Keeping Up With The Penguins

Reviews For The Would-Be Booklover

The Rosie Project – Graeme Simsion

It’s hard to believe that The Rosie Project was Graeme Simsion’s debut novel. It won both the 2013 ABIA Book Of The Year award and their General Fiction Book Of The Year award. International sales have topped 3.5 million copies. A couple of years ago, when I started putting together my reading list for this blog, it was everywhere! It hardly seems fair that a debut novelist has that much success that quickly, eh?

The Rosie Project - Graeme Simsion - Book Laid On Wooden Table - Keeping Up With The Penguins
Buy The Rosie Project here.
(And if you want to support this project, you can make a purchase through an affiliate link on this page – I’ll earn a small commission for referring you)

The main character is a genetics professor, Don Tillman. He’s never had much “luck” with women, which will come as no surprise when I tell you that his proposed solution to that problem is to create a questionnaire to assess the suitability of each “potential mate”.

Tillman doesn’t fit in particularly well anywhere, really – there’s a lot of very heavy-handed hints that he has undiagnosed Asperger’s Syndrome (*note: that term has since been replaced by more appropriate descriptors, but it’s the one that’s used throughout The Rosie Project, so it’s what I’ll use in this review.) That in and of itself would be fine, but there’s something about his character that makes me feel… well, icky.

Simsion pushes the socially-awkward-adult-male-nerd angle very hard, to the point where it started to evoke for me a salivating, entitled, MRA/incel keyboard-hero fucknuckle. Tillman seems to believe that he is an “ideal mate” for any woman, given his intelligence, physical health, financial success, and social status. I mean, doesn’t that sound just a little bit entitled and misogynistic? Plus, he says stuff like this:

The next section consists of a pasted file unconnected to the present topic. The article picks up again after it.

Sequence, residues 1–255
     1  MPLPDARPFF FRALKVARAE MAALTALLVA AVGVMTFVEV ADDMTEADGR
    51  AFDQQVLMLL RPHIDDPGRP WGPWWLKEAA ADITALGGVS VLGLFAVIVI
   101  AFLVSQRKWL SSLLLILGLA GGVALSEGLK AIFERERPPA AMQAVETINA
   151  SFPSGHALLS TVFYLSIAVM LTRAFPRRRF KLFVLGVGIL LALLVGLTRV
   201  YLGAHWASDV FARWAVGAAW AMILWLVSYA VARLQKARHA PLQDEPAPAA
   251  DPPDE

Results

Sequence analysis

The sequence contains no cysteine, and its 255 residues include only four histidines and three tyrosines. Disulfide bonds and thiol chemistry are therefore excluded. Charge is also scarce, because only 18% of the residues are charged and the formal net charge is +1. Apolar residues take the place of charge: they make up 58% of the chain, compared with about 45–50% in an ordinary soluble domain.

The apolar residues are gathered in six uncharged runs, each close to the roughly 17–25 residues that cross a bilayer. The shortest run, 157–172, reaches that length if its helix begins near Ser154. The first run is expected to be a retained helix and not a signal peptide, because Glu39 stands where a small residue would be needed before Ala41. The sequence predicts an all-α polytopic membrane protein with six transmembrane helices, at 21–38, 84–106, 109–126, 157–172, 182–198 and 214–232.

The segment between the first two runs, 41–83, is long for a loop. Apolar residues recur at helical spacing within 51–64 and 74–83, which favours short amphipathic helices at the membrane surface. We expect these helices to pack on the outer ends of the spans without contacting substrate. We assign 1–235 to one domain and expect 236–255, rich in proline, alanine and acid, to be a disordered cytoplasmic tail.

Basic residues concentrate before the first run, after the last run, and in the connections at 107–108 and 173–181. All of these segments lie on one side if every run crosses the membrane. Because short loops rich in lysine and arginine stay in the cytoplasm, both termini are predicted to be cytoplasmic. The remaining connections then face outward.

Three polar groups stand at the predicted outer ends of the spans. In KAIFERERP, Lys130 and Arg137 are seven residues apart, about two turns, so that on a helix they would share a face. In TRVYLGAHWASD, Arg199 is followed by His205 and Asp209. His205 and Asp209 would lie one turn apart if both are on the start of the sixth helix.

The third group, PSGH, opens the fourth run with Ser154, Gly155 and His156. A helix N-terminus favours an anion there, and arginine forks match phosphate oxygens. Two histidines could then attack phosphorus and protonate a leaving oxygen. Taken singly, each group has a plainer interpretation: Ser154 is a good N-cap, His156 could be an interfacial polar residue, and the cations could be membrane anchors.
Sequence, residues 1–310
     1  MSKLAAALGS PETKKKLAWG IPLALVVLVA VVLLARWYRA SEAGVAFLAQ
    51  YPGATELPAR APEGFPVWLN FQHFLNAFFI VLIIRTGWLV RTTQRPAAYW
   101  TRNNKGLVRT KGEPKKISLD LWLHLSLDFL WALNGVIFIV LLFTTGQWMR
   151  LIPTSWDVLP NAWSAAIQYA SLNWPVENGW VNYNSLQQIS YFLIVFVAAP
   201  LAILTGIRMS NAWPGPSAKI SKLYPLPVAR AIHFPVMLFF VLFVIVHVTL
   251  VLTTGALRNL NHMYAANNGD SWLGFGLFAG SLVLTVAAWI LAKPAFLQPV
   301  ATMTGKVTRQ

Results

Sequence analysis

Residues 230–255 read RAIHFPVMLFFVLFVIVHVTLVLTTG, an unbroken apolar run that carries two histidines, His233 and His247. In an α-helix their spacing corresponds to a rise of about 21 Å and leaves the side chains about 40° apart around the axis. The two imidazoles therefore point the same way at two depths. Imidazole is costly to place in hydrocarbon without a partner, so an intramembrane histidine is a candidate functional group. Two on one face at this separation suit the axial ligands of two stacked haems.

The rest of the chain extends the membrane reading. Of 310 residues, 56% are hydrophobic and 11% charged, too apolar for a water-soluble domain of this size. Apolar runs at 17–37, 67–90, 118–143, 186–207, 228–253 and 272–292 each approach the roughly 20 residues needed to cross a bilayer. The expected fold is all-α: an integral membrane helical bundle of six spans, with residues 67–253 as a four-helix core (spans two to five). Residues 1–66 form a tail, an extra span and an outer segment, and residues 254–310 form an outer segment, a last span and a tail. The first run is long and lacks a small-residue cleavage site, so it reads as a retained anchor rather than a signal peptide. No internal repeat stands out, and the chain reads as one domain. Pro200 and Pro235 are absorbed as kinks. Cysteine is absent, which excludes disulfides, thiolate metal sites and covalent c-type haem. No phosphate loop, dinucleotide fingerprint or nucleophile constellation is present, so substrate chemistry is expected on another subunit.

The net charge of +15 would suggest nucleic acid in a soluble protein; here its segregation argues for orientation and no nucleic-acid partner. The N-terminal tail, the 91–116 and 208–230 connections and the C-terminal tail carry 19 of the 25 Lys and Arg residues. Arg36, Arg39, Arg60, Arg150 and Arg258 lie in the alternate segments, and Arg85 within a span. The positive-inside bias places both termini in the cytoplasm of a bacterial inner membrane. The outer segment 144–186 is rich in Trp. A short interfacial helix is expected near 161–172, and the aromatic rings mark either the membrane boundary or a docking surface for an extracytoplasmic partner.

“… but I immediately recognised Julie, the convenor, from Gene’s description: ‘blonde with big tits’. In fact, her breasts were probably no more than one and a half standard deviations from the mean size for her body weight, and hardly a remarkable identifying feature…”

The Rosie Project (Page 7)

I got used to it after a while. In fact, I even came to appreciate (a little) how Simsion managed to communicate to the reader a more objective perspective on Tillman’s beahviour without the character being consciously aware of it, which is quite tricky to do when the book is narrated in the first-person. But I still couldn’t help but wish his portrayal of Tillman’s symptoms had been written more carefully.

Anyway, this socially-awkward guy meets a fun-loving girl with Daddy issues (Rosie, natch), and she spectacularly fails his questionnaire. Yet (steel yourselves!) he finds himself drawn to her. He winds up helping this “unsuitable” bartender hunt down her biological father. Is Rosie a Manic Pixie Dream Girl? Well, kinda. I think she gets afforded more depth than MPDGs normally do, with the Daddy issues and all, but her character doesn’t actually “develop” all that much. Her entire presence in The Rosie Project is pretty much predicated on (1) finding her father, and (2) letting Don love her.

The real upside of the story is that it ends up inverting the much-maligned Grease storyline: the man is the one who ends up changing to win the girl, instead of the other way around. That’s something, at least!

I hope I haven’t put you off The Rosie Project completely, because plenty of other people love it and highly recommend it, so maybe you should take my garbage opinion with a grain of salt. Bill Gates included The Rosie Project on his list of “Six Books I’d Recommend”, and it’s hard to argue with one of the world’s most brilliant minds, eh?

Check out my list of books recommended by brilliant minds here.